Kentucky bluegrass grows and spreads by producing underground stems known as rhizomes that send up shoots as they grow through the soil. This allows Kentucky bluegrass to more rapidly recover from injury and abuse than any of the other lawn grasses and be very competitive against weed invasion. This is also the primary reason why this species is so popular with sod producers.
The tip of an unmowed Kentucky bluegrass leaf is shaped like the front end of a typical fishing boat, hence the designation of having a 'boat-shaped' leaf tip. This is a very reliable identification characteristic for Kentucky bluegrass and can help to easily assess where and how much Kentucky bluegrass is growing in a home lawn.
Fine Fescues (Festuca spp.)
Photo 3: Leaf texture comparison of fine fescue and Kentucky bluegrass. Bob Mugaas.
The term "fine-leaved fescues" is generally applied to three similar species commonly used in our lawn mixes. They are strong creeping red fescue (Festuca rubra
), chewings fescue (Festuca rubra
) and hard fescue (Festuca longifolia
). Occasionally, sheep fescue (Festuca ovina
) is utilized in mixes to be used in very low-maintenance areas and 'no-mow' mixes. Strong creeping red fescue does spread by rhizomes but is not nearly as aggressive as Kentucky bluegrass. Chewings fescue and hard fescue are considered bunch-type grasses as they lack rhizomes or stolons and spread primarily by tillering. They are both considered excellent choices for home lawns. Fine fescues are not normally available or grown as sod.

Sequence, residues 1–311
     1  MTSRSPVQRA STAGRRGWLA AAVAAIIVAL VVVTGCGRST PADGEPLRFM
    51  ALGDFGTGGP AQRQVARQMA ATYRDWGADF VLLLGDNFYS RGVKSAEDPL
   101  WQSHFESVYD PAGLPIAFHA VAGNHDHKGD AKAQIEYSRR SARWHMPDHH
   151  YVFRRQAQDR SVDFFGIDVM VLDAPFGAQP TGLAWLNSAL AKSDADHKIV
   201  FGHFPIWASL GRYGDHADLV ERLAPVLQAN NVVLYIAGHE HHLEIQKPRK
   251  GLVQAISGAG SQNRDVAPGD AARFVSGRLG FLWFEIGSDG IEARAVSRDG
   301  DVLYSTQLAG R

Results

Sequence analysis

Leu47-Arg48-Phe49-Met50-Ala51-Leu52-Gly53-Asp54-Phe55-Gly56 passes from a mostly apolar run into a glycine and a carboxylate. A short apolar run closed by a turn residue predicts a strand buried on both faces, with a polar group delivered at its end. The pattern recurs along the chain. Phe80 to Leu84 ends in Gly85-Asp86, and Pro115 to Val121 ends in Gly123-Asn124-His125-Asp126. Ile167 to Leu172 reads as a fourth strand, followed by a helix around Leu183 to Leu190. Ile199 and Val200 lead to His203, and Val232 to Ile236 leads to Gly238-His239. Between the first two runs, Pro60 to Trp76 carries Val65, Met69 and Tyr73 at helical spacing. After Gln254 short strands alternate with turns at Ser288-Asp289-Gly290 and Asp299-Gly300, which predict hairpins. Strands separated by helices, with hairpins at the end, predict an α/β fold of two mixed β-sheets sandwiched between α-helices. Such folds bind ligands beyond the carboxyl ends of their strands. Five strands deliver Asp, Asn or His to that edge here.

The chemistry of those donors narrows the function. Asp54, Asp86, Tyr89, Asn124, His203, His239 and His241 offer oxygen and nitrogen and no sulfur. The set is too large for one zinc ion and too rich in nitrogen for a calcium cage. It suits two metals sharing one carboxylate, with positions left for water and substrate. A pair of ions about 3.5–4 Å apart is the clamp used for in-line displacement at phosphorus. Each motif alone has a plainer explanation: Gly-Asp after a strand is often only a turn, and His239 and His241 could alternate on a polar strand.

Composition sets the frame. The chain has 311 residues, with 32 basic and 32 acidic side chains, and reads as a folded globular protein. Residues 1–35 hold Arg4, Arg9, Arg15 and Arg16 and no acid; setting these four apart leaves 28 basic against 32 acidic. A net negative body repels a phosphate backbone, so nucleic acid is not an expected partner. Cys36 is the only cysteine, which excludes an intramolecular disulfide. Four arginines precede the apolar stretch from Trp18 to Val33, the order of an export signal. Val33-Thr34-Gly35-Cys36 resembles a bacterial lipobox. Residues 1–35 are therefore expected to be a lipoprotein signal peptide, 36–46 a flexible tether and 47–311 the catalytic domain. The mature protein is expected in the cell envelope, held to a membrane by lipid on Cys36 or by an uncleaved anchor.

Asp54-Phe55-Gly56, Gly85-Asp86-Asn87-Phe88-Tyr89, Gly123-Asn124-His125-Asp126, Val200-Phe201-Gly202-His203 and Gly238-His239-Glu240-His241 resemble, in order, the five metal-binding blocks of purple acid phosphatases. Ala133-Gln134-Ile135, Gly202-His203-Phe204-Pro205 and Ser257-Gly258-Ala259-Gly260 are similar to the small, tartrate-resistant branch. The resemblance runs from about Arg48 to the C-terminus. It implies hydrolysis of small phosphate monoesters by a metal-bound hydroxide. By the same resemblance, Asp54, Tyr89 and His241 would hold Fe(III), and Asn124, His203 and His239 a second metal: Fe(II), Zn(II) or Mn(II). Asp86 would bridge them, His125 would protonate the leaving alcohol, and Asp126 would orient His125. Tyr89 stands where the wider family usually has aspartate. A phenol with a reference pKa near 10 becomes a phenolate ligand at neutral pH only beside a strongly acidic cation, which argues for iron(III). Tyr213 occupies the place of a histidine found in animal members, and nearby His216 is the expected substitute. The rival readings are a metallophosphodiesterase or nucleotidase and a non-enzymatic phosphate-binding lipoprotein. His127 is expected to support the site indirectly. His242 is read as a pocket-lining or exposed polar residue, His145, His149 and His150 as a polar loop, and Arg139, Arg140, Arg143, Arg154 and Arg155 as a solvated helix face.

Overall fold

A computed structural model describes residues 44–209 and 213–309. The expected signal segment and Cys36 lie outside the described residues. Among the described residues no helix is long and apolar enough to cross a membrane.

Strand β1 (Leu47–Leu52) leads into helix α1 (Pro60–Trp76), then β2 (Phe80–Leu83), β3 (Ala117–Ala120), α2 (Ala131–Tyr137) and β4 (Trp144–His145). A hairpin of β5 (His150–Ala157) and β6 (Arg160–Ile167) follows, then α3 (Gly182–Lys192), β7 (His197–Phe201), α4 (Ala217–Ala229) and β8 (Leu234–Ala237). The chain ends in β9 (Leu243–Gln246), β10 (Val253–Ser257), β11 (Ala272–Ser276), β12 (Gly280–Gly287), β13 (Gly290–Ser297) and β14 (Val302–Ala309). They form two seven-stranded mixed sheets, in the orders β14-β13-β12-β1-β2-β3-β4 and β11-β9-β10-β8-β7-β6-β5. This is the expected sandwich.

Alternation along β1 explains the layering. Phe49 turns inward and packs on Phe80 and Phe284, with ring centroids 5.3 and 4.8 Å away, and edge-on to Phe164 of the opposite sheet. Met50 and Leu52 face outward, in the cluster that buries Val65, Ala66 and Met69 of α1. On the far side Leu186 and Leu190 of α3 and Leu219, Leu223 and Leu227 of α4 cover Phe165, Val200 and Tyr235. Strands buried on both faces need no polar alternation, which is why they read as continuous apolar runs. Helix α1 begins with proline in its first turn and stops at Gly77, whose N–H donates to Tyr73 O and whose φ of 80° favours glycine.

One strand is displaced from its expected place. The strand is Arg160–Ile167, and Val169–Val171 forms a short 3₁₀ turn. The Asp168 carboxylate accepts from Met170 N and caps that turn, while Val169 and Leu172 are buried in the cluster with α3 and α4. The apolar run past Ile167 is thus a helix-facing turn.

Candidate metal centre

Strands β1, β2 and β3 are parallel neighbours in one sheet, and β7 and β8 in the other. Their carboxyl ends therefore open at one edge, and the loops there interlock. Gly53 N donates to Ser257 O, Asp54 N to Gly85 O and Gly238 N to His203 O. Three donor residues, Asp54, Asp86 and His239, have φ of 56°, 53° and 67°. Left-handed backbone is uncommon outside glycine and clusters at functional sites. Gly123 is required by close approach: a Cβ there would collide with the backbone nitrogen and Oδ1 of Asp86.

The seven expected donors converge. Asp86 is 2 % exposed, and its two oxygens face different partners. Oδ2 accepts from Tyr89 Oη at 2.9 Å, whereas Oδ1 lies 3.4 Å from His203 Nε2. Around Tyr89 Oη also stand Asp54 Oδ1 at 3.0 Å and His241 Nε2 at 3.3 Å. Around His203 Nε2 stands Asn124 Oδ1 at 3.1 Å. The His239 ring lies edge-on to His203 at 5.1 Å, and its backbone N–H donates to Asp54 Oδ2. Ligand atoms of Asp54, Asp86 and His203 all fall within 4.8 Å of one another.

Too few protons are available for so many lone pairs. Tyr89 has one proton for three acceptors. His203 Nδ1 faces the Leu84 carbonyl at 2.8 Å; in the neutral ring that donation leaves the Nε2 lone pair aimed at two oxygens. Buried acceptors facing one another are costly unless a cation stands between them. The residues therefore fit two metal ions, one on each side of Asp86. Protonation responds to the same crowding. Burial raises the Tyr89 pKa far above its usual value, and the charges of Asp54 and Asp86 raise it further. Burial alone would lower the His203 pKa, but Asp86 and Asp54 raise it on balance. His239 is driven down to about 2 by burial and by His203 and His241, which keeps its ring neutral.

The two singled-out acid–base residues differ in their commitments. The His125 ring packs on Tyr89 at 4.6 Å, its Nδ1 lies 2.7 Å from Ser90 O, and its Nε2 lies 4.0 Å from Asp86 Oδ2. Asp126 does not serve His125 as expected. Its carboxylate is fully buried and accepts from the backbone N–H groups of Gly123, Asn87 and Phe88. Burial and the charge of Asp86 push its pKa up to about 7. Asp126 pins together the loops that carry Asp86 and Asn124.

As their name implies the fine fescues are very fine textured grasses. See Photo 3 for comparison of fine fescue leaf texture with that of Kentucky bluegrass. They are also characterized by medium to slow growth rates and medium to dark green color. Fine fescues have lower maintenance needs (i.e., less water and nutrient inputs) including some that have reduced mowing requirements. They have good drought tolerance and adapt well to the shadier areas in the landscape, particularly dry shade. Their wear tolerance is not as good as that of Kentucky bluegrass or perennial ryegrass. Likewise, fine fescues will tend to do better in lawns receiving lower levels of lawn care inputs while Kentucky bluegrasses will perform better at moderate to higher lawn care inputs levels.
Photo 4: Fine fescue no-mow mix at UMORE Park. Bob Mugaas.
The fine fescues are frequently mixed with Kentucky bluegrass for average home lawn conditions. In a mixed landscape where there are some areas of full sun and some areas of partial shade, the fine fescues will usually tend to dominate in the shadier areas while the Kentucky bluegrasses will be more dominant in the sunnier areas.
Fine fescues, particularly hard and sheep fescues, are usually major components of mixes sold as 'no-mow' mixes. See Photo 4 for example of a two year old no-mow mix growing out at UMORE Park in Rosemount, MN. These mixes have been increasingly popular choices where mowing is not able to be done on a regular basis or site conditions make mowing unsafe. No-mow mixes have also been used to create a transition zone from natural plantings such as prairie or woodland gardens to maintained lawn areas. Their slower growth rates and limited spreading ability help prevent them from aggressively invading into these natural areas.